The CEO of one of the world's largest cryptocurrency exchange, BitMEX has guarded his organization against online feedback in an interview with Yahoo Finance UK.

Arthur Hayes, the CEO, and co-founder of BitMEX, revealed that his exchange doesn't offer "unique access to anybody," doesn't trade against its clients, and doesn't profit when trades are sold.

Hayes was reacting to charges leveled by a mysterious blogger in a generally perused post on Medium a month ago.

BitMEX: The billion-dollar bitcoin futures trade

BitMEX is a P2P bitcoin futures trading platform that permits retail investors to take positions against each other on the future rate of bitcoin. Established in 2014, BitMEX has become one of the largest exchange in the crypto space with a huge volume of $8bn on its best day earlier this year.

BitMEX overwhelms the bitcoin futures market, far exceeding volumes of items offered by standard trade administrators CBOE and CME. BitMEX and Japanese opponent BitflyerFX represent about a fourth of all crypto trade volume, as per a report from CryptoCompare.

As the exchange has expanded, it has pulled in more eyes from individuals from the crypto world. This isn't extraordinary — the crypto area has practically no official direction thus investors and clients freely investigate everything from particular coins to trades and digital wallet suppliers.

BitMEX was the subject of a 3,000-word blog on Medium a month ago that assaulted the organization as "obscure" because of its administrative structure. BitMEX is authoritatively enrolled and managed in Seychelles yet has workplaces in Hong Kong. The blog additionally claimed that BitMEX has "a hard time acting morally once it gets in their method for profiting."

The creator, blogging by means of unknown record 'Hasu' and professing to be an autonomous digital currency specialist, made three key claims:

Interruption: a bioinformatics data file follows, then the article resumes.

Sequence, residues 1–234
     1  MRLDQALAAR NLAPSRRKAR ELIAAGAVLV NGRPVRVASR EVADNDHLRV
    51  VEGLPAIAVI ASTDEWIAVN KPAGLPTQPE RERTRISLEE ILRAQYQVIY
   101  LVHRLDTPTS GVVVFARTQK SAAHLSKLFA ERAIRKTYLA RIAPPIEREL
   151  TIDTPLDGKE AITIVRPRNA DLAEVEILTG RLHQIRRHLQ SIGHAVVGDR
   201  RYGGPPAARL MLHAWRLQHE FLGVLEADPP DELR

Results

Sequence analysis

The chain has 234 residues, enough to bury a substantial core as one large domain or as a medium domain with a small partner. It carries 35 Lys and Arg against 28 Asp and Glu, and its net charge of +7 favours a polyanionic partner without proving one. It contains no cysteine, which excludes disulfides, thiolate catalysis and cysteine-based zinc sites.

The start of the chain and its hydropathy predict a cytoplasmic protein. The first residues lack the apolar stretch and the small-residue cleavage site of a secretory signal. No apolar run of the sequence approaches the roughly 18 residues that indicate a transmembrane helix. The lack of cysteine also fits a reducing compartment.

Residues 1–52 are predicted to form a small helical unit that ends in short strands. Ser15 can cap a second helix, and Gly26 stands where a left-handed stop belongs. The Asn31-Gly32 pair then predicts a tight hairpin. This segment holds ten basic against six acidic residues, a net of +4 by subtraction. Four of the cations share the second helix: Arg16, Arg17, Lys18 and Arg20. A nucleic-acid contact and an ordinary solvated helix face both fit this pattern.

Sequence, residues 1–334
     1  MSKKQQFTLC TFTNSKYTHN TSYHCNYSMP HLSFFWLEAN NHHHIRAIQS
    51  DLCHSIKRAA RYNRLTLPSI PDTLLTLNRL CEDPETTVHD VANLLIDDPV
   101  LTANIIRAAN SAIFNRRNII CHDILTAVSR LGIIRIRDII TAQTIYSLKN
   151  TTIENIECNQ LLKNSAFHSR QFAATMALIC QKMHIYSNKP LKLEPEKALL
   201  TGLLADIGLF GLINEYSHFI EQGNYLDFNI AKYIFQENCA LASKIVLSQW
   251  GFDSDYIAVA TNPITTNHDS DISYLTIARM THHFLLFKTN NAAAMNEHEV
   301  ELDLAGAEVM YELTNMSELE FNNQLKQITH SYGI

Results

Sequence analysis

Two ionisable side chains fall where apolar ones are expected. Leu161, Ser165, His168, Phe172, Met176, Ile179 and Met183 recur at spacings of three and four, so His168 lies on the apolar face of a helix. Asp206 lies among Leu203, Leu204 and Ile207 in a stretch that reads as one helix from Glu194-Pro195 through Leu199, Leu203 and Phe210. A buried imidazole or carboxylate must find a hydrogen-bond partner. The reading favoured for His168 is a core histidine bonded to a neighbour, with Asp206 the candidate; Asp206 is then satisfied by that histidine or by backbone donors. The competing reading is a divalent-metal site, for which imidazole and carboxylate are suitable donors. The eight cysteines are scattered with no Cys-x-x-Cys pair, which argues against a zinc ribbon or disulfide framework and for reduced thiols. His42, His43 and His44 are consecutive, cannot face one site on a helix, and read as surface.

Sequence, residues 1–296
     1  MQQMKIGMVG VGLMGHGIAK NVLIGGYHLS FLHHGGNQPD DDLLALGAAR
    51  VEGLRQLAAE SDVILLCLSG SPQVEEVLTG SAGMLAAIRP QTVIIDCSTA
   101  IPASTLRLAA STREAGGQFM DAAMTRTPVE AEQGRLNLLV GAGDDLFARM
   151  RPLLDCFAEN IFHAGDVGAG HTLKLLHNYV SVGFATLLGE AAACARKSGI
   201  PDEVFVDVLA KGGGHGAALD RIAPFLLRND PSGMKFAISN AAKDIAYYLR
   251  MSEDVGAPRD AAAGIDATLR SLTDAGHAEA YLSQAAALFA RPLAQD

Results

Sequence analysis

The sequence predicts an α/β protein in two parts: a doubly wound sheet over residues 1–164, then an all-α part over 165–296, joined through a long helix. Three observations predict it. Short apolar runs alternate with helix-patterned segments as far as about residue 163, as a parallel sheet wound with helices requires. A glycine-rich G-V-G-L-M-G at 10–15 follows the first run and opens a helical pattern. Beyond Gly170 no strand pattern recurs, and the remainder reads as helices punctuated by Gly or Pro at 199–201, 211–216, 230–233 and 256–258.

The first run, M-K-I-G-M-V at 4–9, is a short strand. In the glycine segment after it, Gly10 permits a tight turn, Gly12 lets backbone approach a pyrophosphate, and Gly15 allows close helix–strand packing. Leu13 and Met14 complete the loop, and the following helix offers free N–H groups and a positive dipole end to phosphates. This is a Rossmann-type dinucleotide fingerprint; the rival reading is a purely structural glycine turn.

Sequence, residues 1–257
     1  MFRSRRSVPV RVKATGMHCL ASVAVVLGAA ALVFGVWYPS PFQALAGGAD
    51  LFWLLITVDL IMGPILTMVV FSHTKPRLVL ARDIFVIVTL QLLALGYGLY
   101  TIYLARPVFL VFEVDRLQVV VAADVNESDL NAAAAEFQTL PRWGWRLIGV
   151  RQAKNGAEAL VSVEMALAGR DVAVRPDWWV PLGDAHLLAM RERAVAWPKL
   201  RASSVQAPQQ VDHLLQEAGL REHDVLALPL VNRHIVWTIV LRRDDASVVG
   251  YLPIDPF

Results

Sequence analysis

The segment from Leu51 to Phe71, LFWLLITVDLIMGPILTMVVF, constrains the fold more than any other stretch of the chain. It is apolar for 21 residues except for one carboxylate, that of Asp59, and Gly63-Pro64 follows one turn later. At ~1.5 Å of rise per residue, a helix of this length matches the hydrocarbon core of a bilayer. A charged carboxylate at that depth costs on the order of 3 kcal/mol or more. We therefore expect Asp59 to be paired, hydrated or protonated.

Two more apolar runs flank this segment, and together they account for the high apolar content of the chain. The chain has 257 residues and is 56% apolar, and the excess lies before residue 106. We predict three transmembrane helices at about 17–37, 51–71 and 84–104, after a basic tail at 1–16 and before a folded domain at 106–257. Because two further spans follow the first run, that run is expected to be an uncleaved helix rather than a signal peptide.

BitMEX covertly trades against its clients through a market-making desk that was as of late revealed.

The organization "weaponizes" server issues by offering particular access to specific merchants once servers are back online.

BitMEX profits when it exchanges customer positions and puts overabundance edge in its insurance fund.

For each point, the blog gave little proof, however, said the cases depended on doubts of clients.

The blog got 4,500 responses and 22 remarks on Medium. It was additionally distributed on Medium's blog channel The Startup, which has more than 380,000 supporters.

Arthur Hayes, the previous Deutsche Bank and Citi dealer who is the CEO of BitMEX, addressed that they don't trade against their clients.

On the primary point, Hayes said BitMEX has a market-making desk yet it doesn't trade against customers and exists just to pour liquidity to the market.

BitMEX's market movers give liquidity to the market by posting buy and sell requests. They get to profit from both the sides of the orders (the difference between the orders).

Hasu said the BitMEX clients they addressed speculated the market making desk is provided with a special access to the exchange and furthermore, favored data on customer orders that would enable them to take gainful positions in the market are supplied to it.

Hayes denied this strongly. He said the desk is "totally detached from representatives" and has "no exceptional access."

They have indistinguishable exchanging rights from any other standard dealer, they can't see the liquidation costs of any of our clients. We don't trade against our clients, he said.

That being stated, BitMEX is in no way, an uninvolved player in the space, and frequently makes questionable predictions about virtual assets. Most as of late, Hayes distributed a report where he expressed that he sees Bitcoin dropping to $2,000 as the "sweet spot," only weeks after he freely called Ethereum (ETH) a "large shitcoin" than the dollar when inciting clients to short the crypto with ETH/USD interminable swaps.

Despite aims, BitMEX's server activity unquestionably has an effect on Bitcoin's price. For instance, Last August, when BitMEX scheduled a maintenance, Bitcoin's cost spiked about $300 in just a matter of time.